Working in Zurich places expats in an international banking capital and a major European commercial centre. The city is known for its high professional standards, and long-term career opportunities can arise from even a short stint. Educated and experienced expats can expect high salaries, which are necessary in a city with such a high cost of living.
Most non-EU nationals relocate with a job already in place, given the difficulties attached to securing a Swiss residence permit. Still, with concerted effort and determination, it's possible for English speakers to find a job in Zurich.
Job market in Zurich
Most employment opportunities for expats come from the finance sector, in banking and wealth management. This industry area generates nearly a quarter of the jobs and a third of the wealth in the city, but there are opportunities in other industries too.
IT, computing, engineering and banking are big business in Zurich. Vacancies in these industries often don’t require applicants to speak German unless some level of customer service is involved. Google has a large office in Zurich which routinely sponsors and employs foreigners, and major banks sometimes have vacancies for English-speaking professionals.
Expats wanting to teach English in private language schools will likely need a CELTA certificate and an English degree. Few schools will consider candidates without them, including the largest language centres which offer the best chance of earning a good salary.
Expats will also need several years’ experience to teach 'English for business' courses. Vacancies are limited and competition is fierce due to a surplus of language teachers and good hourly rates. Giving private lessons to students is also an option, but this involves a complicated process to register as a freelancer.
Teaching English in standard schools will require an education degree, and other qualifications won’t be accepted. Swiss locals are often preferred for these posts, but vacancies are posted through the English Teachers Association of Switzerland and individual school websites.
Finding a job in Zurich
Finding a job in Zurich is not easy. Most expats working in the city have either been transferred through their company or have been headhunted.
Because of the high cost of living in Zurich, it's advisable to secure a job before relocating to the city. In fact, it's pretty difficult to sign a rental contract without proof of employment in the city.
The best place to begin a job search would be online. Many local newspapers also have job listings and some of these publications have online versions available, which enable expats to begin the job search before relocating. Social networking sites such as LinkedIn are also highly useful. Individual companies often post vacancies on their websites, so it's worth surfing sites relevant to one's industry.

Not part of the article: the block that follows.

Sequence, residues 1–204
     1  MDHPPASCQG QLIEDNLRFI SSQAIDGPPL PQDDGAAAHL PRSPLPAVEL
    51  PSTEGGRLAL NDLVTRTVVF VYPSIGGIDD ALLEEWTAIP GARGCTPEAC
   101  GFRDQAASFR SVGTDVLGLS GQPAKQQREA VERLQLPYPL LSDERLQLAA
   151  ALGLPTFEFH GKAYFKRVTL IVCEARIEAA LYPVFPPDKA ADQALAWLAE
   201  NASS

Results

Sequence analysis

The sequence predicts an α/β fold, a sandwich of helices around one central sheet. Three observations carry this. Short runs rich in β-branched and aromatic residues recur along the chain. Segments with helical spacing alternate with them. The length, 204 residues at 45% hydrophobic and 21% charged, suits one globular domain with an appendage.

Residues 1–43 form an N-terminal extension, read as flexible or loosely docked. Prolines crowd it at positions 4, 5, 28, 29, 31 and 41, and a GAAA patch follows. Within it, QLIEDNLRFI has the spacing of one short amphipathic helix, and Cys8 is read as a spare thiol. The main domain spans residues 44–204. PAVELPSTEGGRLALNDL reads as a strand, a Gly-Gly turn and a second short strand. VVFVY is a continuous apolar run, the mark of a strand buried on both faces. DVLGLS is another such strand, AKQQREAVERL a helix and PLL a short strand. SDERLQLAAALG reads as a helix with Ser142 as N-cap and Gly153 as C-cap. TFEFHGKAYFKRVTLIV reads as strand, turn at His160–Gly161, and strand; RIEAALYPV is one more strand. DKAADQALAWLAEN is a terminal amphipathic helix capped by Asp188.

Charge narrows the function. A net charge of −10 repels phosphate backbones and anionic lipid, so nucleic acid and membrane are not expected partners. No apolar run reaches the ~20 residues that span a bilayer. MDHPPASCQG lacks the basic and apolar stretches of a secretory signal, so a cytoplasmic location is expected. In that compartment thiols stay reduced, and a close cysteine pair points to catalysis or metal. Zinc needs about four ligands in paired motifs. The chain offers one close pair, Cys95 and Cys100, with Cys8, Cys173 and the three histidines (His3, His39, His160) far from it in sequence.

While it is not always necessary to speak Swiss German, it is certainly advantageous. Having some knowledge of German will be especially useful for those intending on working in the service sector.
Work culture in Zurich
The business culture in Zurich, and Switzerland in general, is rather formal, but industries and individual companies differ. Business practices may also vary slightly based on which canton an expat is based in.
Business interactions in Zurich are characterised by directness and restraint, especially with the German-Swiss, and expats will have to stay focused and control their emotions. Small talk is generally best avoided in the business environment.
The Swiss are famously punctual, and arriving late to a meeting or being unprepared will be seen as disrespectful. It's always best to arrive early and confirm appointments ahead of time.
Hierarchy is important and people receive respect based on their rank, education and achievements. Even though executives make the decisions, they look for a broad consensus. Managers are expected to guide their teams, and cooperation is valued.
Business environments in Switzerland tend to be merit-based, but trust is still important to negotiations. The Swiss like dealing with people they know, and often expect long-term commitments from their associates. Negotiations can be prolonged by the trust-building process and the Swiss eye for detail and respect for procedure.